Writing this article some 15 years after the U.S. bishops implemented the Charter for the Protection of Children and Young People, I think the church has grown in its understanding and awareness of abuse and its role in prevention and response. I think back on the many conversations I have had with employees, priests and ministers of the Archdiocese of Anchorage and those who work in advocacy for victims of abuse and violence.
I usually begin these conversations by explaining that safe environment is a ministry of the church with a two-part mission. First, it focuses on preventing abuse of children, youth and vulnerable adults. Secondly, it promotes healing and recovery for those who have been abused by someone representing the Catholic Church. I then talk about the disturbing past reality of abuse of minors by clergy and those representing the church and the reasons for the policies and procedures that are now in place. We also talk about how the issue of child abuse and violence still impacts communities here in Alaska.
One experience I often share is the time I went to a “Wellness Summit,” which focused on addiction issues and the societal stigma often felt by individuals and families. One of those presentations sticks with me. It was a remarkable talk by Vice Admiral Dr. Vivek Murthy, the Surgeon General of the United States. He was very informative and also very compassionate and practical in his presentation.
He shared a comment made to him when he first took his position and was trying to address, through policy, one of the many health issues facing the people of the United States. He was warned, “Culture eats policy for lunch.”
That comment reveals just how difficult it is to change a culture, even if policy improves people’s lives, because a new policy can challenge an old way of thinking about something that has been part of the culture for years.
Deeply engrained cultural habits have strong meanings that are rarely challenged because they seem to serve an important purpose. A new policy, even if it improves lives, may face some hesitancy.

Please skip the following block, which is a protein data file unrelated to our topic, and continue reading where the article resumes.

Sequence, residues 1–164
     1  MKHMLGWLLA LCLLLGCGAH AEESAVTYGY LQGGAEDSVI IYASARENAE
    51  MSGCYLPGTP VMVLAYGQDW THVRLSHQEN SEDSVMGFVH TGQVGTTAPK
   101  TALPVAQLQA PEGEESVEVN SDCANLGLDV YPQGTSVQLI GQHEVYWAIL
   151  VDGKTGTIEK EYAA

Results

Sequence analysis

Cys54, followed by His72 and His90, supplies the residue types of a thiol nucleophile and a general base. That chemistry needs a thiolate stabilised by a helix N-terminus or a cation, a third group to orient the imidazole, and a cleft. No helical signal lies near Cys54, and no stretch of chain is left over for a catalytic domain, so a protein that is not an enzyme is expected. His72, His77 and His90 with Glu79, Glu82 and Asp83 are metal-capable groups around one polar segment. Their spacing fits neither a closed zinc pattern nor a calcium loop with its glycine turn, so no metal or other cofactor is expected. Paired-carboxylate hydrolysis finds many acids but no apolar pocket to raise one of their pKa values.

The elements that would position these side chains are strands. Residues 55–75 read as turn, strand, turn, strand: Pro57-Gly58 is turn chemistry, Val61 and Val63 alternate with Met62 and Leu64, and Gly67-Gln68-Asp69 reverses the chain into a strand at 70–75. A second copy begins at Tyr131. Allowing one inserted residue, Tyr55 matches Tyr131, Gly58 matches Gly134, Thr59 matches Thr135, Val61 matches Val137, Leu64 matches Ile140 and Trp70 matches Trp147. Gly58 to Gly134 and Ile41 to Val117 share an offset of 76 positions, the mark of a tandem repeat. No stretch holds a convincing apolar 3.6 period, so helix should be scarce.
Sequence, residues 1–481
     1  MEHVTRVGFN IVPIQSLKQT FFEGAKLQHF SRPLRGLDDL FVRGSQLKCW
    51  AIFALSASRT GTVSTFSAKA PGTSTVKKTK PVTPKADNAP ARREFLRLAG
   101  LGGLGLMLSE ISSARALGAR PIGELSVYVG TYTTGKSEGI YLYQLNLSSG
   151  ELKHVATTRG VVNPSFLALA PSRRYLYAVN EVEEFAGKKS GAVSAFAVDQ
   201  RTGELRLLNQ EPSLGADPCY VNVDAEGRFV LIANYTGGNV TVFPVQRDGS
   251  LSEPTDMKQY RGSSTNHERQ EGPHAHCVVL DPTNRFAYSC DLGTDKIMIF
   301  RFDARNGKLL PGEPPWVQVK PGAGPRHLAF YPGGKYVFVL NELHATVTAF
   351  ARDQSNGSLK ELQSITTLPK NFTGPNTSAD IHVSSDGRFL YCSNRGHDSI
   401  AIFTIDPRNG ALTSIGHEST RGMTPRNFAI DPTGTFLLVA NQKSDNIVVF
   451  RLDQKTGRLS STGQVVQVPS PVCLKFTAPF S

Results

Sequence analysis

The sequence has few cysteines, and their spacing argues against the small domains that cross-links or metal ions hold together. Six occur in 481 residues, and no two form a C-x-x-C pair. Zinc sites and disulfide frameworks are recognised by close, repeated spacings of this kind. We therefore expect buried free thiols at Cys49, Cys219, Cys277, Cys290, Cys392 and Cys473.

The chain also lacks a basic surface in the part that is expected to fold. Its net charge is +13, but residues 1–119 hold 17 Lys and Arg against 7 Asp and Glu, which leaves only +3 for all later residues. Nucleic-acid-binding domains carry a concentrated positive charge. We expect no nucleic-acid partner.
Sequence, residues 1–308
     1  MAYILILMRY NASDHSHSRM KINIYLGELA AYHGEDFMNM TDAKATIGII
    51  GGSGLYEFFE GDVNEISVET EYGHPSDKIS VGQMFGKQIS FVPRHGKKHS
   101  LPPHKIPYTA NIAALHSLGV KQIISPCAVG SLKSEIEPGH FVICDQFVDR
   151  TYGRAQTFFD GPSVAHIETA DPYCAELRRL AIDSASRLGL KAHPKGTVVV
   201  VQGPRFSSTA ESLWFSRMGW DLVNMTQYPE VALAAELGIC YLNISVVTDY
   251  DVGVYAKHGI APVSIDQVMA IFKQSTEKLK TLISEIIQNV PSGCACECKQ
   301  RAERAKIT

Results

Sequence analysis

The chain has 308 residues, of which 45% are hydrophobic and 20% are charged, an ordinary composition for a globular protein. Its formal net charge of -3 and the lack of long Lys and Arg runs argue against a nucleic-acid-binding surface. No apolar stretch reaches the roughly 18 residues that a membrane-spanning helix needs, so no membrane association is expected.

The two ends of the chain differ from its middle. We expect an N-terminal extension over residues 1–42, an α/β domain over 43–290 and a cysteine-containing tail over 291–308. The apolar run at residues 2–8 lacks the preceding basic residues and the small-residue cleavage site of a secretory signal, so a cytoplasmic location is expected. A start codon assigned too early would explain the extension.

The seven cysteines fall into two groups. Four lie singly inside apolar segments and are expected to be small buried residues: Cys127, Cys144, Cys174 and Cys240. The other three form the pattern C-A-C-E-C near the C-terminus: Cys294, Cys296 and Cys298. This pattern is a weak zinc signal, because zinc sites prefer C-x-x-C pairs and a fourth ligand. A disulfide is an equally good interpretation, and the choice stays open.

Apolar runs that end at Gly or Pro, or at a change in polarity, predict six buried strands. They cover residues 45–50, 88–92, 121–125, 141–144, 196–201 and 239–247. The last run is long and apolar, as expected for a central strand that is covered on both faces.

An example may be the safe environment requirement that all volunteers who have regular contact with minors or vulnerable adults meet safe environment compliance (have a background check and complete training). The purpose is to ensure that everyone working with our most vulnerable have not been convicted of a violent crime and understand the dynamics of abuse and the policies for the church’s response. The challenge is that asking a volunteer, who is freely giving of their time, to complete hour long training and a background check may seem burdensome, distrustful and ungrateful and make it harder to find volunteers. The value of being grateful and accommodating has to be tempered with promoting deeper trust and accountability. Our Catholic culture with the adoption of a ministry of safe environment has created new habits, a new paradigm shift. I encourage everyone to promote safe environment policies among our generous volunteers as we work together to deepen trust and accountability amongst ourselves and those we serve in the mission of Christ.
As our parishes, schools, institutions and groups begin various programs for the upcoming school year, I encourage everyone to promote safe environment, its policies and most importantly, its mission to provide an environment where the love of Christ can shine.